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TechCrunch

TechCrunch reporter Brian Heater spotlights multiple MIT research projects, including MIT Space Exploration Initiative’s TESSERAE, CSAIL’s Robocraft and the recent development of miniature flying robotic drones.

WHDH 7

MIT engineers have created insect-sized robots that can emit light when they fly and could eventually be used to aid search-and-rescue missions, reports WHDH. “Our idea is, if we can send in hundreds or thousands of those tiny flying robots then once they find that survivor, they will shine out light and pass information back and signal people on the outside saying ‘we found someone who’s trapped,'” explains Prof. Kevin Chen.

Popular Science

MIT engineers have developed tiny flying robots that can light up, reports Colleen Hagerty for Popular Science. “If you think of large-scale robots, they can communicate using a lot of different tools—Bluetooth, wireless, all those sorts of things,” says Prof. Kevin Chen. “But for a tiny, power-constrained robot, we are forced to think about new modes of communication.”

New Scientist

MIT researchers have developed a flexible and paper-thin speaker that can turn any surface into an audio source, reports New Scientist. “The lightweight loudspeaker uses only a fraction of the energy of a regular speaker and can generate sound regardless of the surface it is attached to,” writes New Scientist.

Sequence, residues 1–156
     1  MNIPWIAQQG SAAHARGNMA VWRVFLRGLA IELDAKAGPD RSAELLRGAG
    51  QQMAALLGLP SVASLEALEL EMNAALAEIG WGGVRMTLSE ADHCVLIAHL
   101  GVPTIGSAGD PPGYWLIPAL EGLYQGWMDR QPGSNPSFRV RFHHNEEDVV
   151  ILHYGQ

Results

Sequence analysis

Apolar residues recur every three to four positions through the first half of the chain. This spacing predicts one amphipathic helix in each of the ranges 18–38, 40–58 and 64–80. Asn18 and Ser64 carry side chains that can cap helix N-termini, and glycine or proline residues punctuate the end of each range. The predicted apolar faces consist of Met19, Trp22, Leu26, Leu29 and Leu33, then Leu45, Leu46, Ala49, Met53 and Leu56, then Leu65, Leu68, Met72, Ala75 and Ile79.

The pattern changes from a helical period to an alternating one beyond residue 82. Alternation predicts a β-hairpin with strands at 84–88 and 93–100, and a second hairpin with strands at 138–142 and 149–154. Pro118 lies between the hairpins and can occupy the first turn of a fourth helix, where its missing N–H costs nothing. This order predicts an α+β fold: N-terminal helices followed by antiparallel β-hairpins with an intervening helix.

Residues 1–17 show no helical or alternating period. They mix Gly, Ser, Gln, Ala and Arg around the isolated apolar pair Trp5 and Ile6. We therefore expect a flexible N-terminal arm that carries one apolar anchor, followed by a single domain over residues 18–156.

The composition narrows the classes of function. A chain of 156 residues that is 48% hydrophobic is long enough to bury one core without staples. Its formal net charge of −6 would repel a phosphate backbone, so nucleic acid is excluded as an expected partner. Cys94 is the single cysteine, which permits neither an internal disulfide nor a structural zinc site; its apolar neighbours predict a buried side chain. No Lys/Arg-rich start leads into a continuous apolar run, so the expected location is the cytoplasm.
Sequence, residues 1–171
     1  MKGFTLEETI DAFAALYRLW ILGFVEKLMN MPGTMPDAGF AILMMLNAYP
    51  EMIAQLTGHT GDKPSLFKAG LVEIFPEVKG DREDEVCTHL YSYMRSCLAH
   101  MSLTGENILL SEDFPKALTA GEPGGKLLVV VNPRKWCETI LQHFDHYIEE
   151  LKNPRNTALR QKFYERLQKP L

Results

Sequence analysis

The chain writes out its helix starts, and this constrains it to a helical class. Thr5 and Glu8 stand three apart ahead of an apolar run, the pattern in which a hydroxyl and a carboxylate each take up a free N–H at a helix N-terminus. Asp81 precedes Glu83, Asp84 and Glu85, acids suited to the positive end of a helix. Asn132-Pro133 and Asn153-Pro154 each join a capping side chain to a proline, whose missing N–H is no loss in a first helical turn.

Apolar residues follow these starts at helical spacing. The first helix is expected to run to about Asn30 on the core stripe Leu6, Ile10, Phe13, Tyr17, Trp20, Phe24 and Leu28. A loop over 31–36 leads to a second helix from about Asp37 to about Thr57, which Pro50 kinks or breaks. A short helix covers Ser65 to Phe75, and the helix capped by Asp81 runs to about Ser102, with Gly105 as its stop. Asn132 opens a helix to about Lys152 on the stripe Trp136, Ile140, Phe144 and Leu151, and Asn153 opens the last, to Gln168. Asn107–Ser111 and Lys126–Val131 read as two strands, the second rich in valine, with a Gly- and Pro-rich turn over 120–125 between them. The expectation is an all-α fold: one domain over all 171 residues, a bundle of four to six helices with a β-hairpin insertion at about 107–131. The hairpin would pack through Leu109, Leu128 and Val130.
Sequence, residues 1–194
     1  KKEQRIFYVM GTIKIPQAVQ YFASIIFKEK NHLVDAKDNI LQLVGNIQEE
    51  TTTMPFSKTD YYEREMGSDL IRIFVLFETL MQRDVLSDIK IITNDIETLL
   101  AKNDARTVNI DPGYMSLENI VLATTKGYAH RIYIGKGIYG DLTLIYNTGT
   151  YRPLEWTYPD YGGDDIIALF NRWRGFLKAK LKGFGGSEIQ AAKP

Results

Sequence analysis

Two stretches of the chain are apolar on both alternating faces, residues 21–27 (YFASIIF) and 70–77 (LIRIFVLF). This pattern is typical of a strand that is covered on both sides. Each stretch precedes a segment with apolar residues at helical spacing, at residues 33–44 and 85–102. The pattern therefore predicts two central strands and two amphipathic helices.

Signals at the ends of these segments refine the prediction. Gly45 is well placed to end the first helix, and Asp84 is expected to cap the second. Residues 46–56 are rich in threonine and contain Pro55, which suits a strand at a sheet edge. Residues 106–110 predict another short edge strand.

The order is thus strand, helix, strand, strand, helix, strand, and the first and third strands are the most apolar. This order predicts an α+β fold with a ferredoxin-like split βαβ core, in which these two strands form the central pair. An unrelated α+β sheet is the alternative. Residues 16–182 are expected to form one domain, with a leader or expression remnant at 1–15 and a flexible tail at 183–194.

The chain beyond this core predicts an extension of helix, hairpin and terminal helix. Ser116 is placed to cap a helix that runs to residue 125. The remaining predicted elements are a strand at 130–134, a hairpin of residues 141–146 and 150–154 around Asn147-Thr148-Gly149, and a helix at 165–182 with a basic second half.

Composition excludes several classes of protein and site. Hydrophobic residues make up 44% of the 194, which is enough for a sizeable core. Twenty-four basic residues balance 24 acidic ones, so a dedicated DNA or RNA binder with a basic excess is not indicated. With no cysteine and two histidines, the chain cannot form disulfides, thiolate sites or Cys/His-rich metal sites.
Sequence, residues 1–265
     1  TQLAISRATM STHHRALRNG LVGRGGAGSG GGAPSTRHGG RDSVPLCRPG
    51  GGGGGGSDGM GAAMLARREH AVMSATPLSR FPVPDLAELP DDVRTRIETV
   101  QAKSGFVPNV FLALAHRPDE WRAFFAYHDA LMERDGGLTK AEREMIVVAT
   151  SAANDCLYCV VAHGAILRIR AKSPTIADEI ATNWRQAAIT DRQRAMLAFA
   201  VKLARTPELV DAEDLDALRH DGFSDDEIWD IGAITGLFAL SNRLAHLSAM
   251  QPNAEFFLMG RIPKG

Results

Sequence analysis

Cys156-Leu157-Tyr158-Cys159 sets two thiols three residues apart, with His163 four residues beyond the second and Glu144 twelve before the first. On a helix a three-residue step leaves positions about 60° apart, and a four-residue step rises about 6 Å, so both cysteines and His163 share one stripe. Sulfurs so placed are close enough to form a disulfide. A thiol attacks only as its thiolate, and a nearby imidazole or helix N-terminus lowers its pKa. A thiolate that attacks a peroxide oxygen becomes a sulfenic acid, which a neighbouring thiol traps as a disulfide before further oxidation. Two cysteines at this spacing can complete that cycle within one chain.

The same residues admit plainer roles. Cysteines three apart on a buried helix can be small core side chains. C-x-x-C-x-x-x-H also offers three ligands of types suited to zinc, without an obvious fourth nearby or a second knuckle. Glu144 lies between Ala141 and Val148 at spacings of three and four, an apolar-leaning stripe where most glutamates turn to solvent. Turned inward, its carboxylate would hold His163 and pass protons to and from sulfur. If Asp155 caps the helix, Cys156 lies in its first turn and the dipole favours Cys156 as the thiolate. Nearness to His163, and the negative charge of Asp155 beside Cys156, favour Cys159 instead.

Salon

A time capsule buried in 1957 by former MIT President James R. Killian and Prof. Harold Edgerton will be unveiled in 2957 a full millennium after its burial, writes Michele Debczak for Salon.

Gizmodo

Researchers at MIT have built a highly efficient thermophotovoltaic cell that converts incoming photons to electricity, reports Kevin Hurler for Gizmodo. “We developed this technology—thermal batteries—because storing energy as heat rather than storing it electrochemically is 10 to 100 times cheaper," explains Prof. Asegun Henry. 

TechCrunch

MIT researchers have developed a new ultrathin material that can turn any rigid surface into a speaker, reports Haje Jan Kamps for TechCrunch. “The loudspeaker could be used in active noise cancellation, for example — combine the speaker tech with some electronics and microphones, and it could cancel out sound,” writes Kamps. “The inventors also envision immersive sound experiences, and other low-energy use cases such as smart devices, etc.”

The Daily Beast

Daily Beast reporter Tony Ho Tran writes that MIT researchers have created a new loudspeaker that is as thin as paper and produces high-quality sound. The paper-thin device “weighs roughly the same as a dime, and can be used to cover surfaces like walls and ceilings,” writes Tran. “The loudspeaker also uses a fraction of the energy a typical speaker requires, while producing comparable sound quality.”

Gizmodo